It’s week three of the complete Jelly Roll Morton composition project (full info), and we have two diverse pieces from Morton’s pen today. The first is “Fickle Fay Creep,” a very cool bluesy tune which was recorded by Morton’s Red Hot Peppers in 1930, and then later in the Library of Congress interview in 1938 in a slightly different arrangement. It’s an interesting and unusual tune for Morton, one of only a few with an extended one chord section in the middle, uncharacteristic for a composer whose tunes are generally more harmonically complex than many of his contemporaries. Anyway, David and I have made a new arrangement of the tune taking elements from both recordings:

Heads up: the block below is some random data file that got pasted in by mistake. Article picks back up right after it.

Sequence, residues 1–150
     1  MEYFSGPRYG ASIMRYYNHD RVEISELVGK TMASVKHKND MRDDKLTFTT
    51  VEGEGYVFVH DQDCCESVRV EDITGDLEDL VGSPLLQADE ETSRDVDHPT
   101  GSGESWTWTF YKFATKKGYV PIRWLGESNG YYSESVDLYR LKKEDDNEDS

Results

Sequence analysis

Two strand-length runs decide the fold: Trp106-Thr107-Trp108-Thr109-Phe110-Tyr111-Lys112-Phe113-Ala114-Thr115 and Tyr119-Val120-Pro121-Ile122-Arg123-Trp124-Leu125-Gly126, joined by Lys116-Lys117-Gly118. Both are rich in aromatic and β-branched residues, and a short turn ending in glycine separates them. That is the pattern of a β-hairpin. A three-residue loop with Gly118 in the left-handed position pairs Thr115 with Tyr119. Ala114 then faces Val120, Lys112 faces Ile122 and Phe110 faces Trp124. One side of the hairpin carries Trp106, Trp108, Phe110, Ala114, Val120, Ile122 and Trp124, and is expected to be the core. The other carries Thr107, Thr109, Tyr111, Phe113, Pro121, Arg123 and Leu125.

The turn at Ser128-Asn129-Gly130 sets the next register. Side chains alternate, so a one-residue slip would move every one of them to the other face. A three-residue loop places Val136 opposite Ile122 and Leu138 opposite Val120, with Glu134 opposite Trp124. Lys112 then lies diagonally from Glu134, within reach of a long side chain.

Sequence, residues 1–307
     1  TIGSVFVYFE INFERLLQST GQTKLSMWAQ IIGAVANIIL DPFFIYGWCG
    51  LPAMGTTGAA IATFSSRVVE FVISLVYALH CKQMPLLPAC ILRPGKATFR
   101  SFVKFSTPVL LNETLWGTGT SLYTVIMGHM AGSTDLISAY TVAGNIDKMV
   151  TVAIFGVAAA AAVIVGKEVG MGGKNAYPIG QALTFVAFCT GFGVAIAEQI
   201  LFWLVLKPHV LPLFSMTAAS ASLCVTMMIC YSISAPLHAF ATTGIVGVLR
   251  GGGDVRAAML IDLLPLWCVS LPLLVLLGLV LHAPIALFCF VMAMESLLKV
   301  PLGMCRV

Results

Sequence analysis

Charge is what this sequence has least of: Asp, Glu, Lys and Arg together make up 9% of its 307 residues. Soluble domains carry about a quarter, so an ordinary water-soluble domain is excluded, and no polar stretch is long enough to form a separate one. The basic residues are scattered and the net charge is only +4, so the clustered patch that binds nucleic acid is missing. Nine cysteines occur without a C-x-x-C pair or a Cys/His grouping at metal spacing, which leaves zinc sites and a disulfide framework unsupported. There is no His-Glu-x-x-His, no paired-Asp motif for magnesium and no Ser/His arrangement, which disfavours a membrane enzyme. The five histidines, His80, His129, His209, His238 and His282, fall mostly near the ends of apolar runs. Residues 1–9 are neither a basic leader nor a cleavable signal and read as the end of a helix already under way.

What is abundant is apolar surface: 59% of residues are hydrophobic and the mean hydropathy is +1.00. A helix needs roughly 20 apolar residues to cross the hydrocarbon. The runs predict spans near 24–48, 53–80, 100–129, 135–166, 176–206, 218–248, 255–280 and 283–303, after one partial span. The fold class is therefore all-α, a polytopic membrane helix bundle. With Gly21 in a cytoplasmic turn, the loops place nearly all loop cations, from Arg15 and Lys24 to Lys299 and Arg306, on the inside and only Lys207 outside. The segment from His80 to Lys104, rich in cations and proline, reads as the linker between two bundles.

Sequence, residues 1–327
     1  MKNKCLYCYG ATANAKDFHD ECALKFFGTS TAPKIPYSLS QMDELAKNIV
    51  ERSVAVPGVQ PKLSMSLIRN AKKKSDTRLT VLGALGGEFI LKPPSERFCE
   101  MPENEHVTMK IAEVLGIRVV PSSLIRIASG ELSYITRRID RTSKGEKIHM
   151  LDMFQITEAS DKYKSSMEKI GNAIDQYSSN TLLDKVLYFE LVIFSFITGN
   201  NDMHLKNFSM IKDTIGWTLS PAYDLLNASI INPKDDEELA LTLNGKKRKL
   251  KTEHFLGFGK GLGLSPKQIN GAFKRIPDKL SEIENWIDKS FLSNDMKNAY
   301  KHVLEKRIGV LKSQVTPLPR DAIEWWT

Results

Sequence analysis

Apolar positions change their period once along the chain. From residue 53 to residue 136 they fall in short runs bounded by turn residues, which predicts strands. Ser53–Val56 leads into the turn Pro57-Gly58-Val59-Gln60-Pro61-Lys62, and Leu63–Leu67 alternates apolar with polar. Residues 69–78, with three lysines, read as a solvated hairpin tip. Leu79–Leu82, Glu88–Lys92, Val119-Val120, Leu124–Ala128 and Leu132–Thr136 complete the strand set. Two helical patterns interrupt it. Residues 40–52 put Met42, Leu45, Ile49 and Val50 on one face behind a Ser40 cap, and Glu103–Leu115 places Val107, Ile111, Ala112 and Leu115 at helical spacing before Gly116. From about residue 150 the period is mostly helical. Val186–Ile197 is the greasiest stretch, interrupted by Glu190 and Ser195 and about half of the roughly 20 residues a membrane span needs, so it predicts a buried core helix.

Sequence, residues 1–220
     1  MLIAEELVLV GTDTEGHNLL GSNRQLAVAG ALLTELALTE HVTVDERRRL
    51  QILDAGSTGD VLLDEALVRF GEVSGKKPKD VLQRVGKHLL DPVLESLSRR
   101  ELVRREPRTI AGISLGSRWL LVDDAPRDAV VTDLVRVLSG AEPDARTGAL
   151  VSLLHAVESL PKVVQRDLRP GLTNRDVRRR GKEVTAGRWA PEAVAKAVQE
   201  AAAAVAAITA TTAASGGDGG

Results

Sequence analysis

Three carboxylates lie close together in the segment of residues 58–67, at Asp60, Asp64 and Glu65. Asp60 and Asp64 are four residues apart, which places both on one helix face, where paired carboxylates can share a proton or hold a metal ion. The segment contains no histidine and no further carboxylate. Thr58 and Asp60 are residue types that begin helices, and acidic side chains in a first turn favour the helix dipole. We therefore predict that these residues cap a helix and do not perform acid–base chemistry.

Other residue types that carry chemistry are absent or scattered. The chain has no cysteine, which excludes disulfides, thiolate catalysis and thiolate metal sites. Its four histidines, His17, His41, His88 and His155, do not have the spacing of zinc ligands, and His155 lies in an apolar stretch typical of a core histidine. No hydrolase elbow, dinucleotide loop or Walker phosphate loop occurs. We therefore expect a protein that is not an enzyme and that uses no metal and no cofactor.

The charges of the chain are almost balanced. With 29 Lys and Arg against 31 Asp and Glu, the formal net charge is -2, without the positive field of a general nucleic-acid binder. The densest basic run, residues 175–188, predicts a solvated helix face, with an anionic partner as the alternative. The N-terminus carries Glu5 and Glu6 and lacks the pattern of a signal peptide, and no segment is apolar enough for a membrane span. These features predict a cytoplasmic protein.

And secondly, a tune Morton wrote early in his life but only recorded in the 1938 extended Library of Congress interview, dedicated to the great Bahamian comedian Bert Williams, who heard Morton play the piece around 1911 and enjoyed it. Incidentally, Duke Ellington also wrote a piece in tribute to Williams, one of the preeminent African-American entertainers of his day. This is a typical three section Morton piece with a lot of riff melodies based on short phrases repeated over different chords. Definitely one of the less played of Morton’s tunes, David decided to bring out the alto sax for this one for a bit of variety. Hope you enjoy!